Kids Sea Camp family divers week in Yap went off with some of the year’s best animal interactions, weather and the biggest surprise in almost 30 years of diving here.
We kicked off the diving with a ripping big animal show starting at Vertigo with our friendly school of Black tip and Grey reef sharks.
Hitting this dive site after a few hours of incoming tide makes for a stunning show.
The magic of this site is that everyone gets what they came for. Junior divers stay on top of the reef plateau at 40 feet surrounded by sharks and advanced divers have the entire wall to play on.
Getting Vertigo going is easy, these animals are always here and this experience is more assured than our Mantas.
Once everyone settles into the dive the sharks take on their swim pattern and we get to float around and put ourselves and our cameras in the right spot.
Kids Sea Camp promotes conservation and a lot of awareness of the marine eco-system. These young divers get educated on how threatened sharks are, why and what they can do about it.
During surface intervals the topside chatter included some simple and practical things that all of us can do in order to preserve this for the next generation, making responsible world travelers from these learning experiences.
Sharks are protected here in Yap right along side our resident manta rays with the establishment of the big animal marine sanctuary.
Here we get to enjoy these animals every day and they get to enjoy protection from unnatural threats.
Diving along side their children, the parents were getting Vertigo exactly how they wanted.
The diving is planned so that the kids dive on their own boats with two dive masters / instructors and the parents board boats with other adults.
Dive sites are planned throughout the week so that the diving is mixed, there are sites where it’s just the kids or adults and other dives are planned for the whole family.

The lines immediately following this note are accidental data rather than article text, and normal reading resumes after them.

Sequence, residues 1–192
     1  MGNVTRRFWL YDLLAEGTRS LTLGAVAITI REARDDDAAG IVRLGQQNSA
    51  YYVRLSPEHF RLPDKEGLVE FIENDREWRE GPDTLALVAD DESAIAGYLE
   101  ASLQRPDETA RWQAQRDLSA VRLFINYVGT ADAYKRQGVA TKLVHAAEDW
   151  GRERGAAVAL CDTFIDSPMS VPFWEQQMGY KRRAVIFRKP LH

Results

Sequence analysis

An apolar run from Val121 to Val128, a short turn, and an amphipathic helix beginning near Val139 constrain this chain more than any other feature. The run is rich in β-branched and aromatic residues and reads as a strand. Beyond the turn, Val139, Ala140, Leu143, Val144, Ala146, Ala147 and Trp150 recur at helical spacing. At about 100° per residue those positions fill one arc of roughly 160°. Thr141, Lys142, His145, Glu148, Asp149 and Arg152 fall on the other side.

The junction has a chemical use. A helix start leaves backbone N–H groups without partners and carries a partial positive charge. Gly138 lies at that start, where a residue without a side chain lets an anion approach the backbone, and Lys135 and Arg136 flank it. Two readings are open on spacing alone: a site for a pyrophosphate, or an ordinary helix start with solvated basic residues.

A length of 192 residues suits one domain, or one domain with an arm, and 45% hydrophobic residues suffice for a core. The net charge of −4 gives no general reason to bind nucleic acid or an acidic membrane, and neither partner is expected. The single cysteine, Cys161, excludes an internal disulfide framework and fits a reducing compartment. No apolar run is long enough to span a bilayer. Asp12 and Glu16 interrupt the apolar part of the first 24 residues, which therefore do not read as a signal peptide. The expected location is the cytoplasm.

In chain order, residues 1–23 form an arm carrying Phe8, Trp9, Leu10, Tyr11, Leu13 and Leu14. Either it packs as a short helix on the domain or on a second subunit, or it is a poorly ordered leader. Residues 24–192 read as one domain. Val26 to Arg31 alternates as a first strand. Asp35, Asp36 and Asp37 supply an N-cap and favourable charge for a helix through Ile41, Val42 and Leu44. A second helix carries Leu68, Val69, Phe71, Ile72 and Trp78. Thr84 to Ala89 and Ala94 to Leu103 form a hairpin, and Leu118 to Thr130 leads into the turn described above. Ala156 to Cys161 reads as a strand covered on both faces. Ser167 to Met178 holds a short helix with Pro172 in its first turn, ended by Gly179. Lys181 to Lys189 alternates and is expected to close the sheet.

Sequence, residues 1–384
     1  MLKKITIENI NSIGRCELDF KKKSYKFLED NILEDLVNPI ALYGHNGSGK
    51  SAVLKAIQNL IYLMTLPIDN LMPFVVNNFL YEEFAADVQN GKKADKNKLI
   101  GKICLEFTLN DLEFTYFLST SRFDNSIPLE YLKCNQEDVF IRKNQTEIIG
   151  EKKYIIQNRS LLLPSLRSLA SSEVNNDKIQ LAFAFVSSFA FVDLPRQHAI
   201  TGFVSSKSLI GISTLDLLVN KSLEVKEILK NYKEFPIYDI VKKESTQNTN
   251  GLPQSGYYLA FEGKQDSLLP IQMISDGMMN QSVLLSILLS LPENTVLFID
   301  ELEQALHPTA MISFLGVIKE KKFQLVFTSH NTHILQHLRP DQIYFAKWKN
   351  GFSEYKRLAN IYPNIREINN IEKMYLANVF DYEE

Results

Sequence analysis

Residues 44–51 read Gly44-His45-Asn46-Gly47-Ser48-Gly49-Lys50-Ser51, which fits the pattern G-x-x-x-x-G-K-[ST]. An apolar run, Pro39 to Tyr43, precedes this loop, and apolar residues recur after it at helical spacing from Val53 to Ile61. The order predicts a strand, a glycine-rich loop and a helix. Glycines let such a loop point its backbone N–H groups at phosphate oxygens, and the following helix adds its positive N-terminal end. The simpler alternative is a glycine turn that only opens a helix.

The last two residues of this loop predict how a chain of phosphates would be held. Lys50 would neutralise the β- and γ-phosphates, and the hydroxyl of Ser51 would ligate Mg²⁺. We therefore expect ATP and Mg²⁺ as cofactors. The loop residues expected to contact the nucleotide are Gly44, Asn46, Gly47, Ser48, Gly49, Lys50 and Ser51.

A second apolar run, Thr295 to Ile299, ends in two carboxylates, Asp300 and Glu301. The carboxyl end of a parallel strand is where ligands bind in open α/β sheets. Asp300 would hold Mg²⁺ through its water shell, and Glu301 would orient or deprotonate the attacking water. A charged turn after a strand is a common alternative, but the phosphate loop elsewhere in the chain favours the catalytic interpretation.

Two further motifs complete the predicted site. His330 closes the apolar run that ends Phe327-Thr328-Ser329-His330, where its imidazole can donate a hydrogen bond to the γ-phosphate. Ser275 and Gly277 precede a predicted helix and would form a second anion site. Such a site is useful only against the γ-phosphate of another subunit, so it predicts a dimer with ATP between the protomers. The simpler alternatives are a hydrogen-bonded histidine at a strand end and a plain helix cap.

Parents had some adult time, kids had a lot of kid time, there is family time and was room to throw in some photography workshops and spa treatments throughout the week.
Yap’s big animal spectacular is a ’10’ manta dive – our first run at the cleaning station turned out to be everything you can ask for and more. Goofnuw Channel, “Valley of the Rays”, did not disappoint.
It was the magic hour right when the tide begins to recede when the water is the clearest and the current is still slight.
As soon as our group hit the site the mantas came in, six of them, and put on a perfect Yap encounter.
Manta passes so consistent that I started lining up kids for overhead manta shots and was able to shoot our guests one-by-one with a ray buzzing their tank.
These young divers pulled experienced lines out there during the week. We had a 75 minute dives and our family divers were boarding the boat with over 1400 psi.
The better the divers, the easier the week is for everyone, guides, photographer boat crew… and the parents – Sea Camp week was pure fun for everyone.
Yap’s big animalness didn’t stop with just sharks and manta rays, we had a marlin overhead at Pelak Corner, spinner dolphins at our safety stop at Eagle’s Nest and something very special happened to just our group after a ripping shark dive.
Baby Whale Shark! Cruising over the reef on the way back from Vertigo Alex and Mike spotted a huge animal and we swung the boat, doubled checked to make sure it wasn’t a tiger shark, and all got in with our cameras.
This little guy gave all of us the one-eyed pass performing a full circle around and through our group before cruising out into the clear blue.
This was a dive guide first, photographer first and Sea Camp first in Yap.
One of the blue water dive plans Bill took the kids on an outer reef drift and showed them some hall of fame diver lines at Cabbage Patch and Magic Kingdom.
Non-divers had itineraries with full days showcasing Yap’s unique island culture and rich history. Families walked down thousand year-old stone paths, visited village sites and learned about traditional Yapese life on cultural island adventures.
The Sea Camp week includes educational activities such as traditional attire demonstrations where kids learn about Yapese ceremonial dress and how it works in their culture, women’s and men’s roles in the community, traditional conservation methods and village responsibility.
Each day after the divers depart the boat dock, non-divers take off on their day adventures – kayaking, snorkeling, beach trips, traditional craft making, fishing trips and pool parties filled in the time until everyone met back at the resort for lunch and the evening’s activity schedule.
No trip is complete without your own beach party and BBQ buffet served in gold sand.
Sea Camp 2016 will be June 18th – 25th.
For more information, bookings and details, please email firstname.lastname@example.org, or call 803-419-2556.
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